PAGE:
But GM mustard uses barnase-barstar genes obtained from soil bacteria for hybrid vigour. Mustard is largely self-pollinating. To create hybrids, one of the parents must be made male sterile so that it can accept the pollen of another parent, after which fertility must be restored so that the seeds are not sterile. This is done with the help of the two transgenes. The herbicide tolerant “bar” gene has been added to distinguish GM mustard plants from those that are not (the latter will die when sprayed with the herbicide glufosinate).


Hybrid Development

There is another technique called the cytoplasmic male sterility method, but it is less efficient and more time consuming. Rasi Seeds is offering a mustard hybrid based on this method for planting during the coming winter or rabi season.

“Barnase-barstar system enables perfect hybrid development,” said KV Prabhu, Joint Director (Research) at the Indian Agricultural Research Institute (IARI). An accomplished plant breeder, Prabhu has been associated with the development of 23 varieties of rice, wheat, mustard and barley, including popular ones like Pusa Basmati 1121 and 1509 and the wheat variety, HD 3086. Prabhu said DMH-11’s “safety issues have been perfectly taken care of”.

Prabhu was not overly concerned about the yield of DMH-11. Even if it was not as high as claimed, better parental lines can be crossed for superior yield. That can happen once the transgenic method of creating mustard hybrids is approved.


Let Farmers Decide

Rather than blocking the technology, the anti-GM activists must let DMH-11 prove itself on the fields. They are the best judges. They may be fooled once, but not repeatedly.

There is broad support for GM mustard which has been developed by a team of Delhi University scientists, led by its former vice-chancellor, the geneticist Deepak Pental. NITI Aayog has said GM crops are necessary to feed and clothe a growing population and cope with climate change. The 2016 Economic Survey said GM technology has “significant net benefits”.


PMO Interest

The PMO has taken a keen interest, which is why the anti-activists are targeting it. Prime Minister Narendra Modi has not been vocal, but he discreetly said in June 2015 that the technology is necessary. At least seven newspapers have supported GM mustard in their editorials.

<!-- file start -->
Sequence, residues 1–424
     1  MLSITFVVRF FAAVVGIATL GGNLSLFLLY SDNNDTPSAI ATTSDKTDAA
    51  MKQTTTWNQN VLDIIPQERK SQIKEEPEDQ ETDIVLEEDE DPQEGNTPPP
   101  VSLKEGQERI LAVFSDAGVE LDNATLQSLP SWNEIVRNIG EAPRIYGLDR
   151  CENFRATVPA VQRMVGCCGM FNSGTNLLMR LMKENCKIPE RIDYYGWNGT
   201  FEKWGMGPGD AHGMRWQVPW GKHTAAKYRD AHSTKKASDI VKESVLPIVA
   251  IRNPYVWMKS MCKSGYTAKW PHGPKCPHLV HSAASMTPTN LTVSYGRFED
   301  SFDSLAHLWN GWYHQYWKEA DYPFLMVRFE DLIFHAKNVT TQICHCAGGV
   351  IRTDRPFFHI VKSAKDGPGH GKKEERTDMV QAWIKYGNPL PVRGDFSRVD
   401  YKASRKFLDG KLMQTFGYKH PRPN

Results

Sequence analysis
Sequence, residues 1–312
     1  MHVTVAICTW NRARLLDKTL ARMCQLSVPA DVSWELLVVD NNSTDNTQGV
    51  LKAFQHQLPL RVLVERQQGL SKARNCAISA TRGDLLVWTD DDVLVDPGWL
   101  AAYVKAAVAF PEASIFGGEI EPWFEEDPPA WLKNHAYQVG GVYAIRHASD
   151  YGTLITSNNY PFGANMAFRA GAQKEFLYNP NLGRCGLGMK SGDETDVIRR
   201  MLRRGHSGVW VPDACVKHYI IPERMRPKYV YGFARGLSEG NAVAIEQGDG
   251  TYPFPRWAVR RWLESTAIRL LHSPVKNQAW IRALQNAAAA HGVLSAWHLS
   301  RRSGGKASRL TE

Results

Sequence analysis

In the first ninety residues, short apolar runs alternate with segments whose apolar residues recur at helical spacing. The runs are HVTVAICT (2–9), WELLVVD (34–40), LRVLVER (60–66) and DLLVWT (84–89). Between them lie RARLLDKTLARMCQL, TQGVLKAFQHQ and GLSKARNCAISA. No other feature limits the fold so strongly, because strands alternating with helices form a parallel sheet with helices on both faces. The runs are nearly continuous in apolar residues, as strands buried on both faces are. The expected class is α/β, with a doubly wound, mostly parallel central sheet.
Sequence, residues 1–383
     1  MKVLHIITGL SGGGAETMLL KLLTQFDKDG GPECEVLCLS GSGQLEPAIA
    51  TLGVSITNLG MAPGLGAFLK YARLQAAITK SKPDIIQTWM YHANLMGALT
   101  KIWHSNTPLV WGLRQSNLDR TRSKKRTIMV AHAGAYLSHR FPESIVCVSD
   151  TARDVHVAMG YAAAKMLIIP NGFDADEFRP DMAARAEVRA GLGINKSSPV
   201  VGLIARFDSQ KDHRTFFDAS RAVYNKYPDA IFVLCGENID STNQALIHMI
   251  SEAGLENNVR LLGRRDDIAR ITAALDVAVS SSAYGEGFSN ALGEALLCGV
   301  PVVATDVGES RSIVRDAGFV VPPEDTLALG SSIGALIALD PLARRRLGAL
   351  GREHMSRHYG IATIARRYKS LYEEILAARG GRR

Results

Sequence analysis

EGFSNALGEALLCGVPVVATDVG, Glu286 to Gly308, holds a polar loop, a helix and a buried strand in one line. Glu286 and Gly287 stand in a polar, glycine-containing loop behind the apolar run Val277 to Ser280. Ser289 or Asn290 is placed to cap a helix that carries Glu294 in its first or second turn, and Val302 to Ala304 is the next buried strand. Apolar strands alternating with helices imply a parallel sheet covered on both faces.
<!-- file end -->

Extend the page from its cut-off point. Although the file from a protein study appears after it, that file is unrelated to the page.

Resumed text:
Though Dave had previously made ambiguous statements, he told the Lok Sabha last November:

All public health-related issues have been adequately addressed for GM mustard through the regulatory pipeline process as per the rules.

When activists sought a stay on the release of GM mustard from the Supreme Court, the Environment Ministry filed a strong affidavit. It asked the court to dismiss the activists’ petition with “exemplary costs”. They were “strongly motivated ideologically”, it said, and wanted to “derail and hijack” the regulatory process.


Supreme Court’s Permission

The Supreme Court has stayed commercial release of GM mustard till October. Once it is approved, the Ministry will have to obtain the court’s permission, which it might not decline as the approval is a policy issue.

The fear of the anti-activists is well-founded. If GM mustard is approved for cultivation, other GM crops will follow. IARI is using GM technology for 13 priority crops.

“For brown plant hopper and yellow stem borer in paddy; spot blotch in wheat; and pod borer in chick pea (chana) and pigeon pea (tur), we have no option but to look for this,” Prabhu said. “In brinjal, for fruit and stem borer we have no resistance in any of the natively evolved materials available in the country,” he added.

(Vivian Fernandes is editor of This is an opinion piece and the views expressed above are the author’s own. The Quint neither endorses nor is responsible for the same.)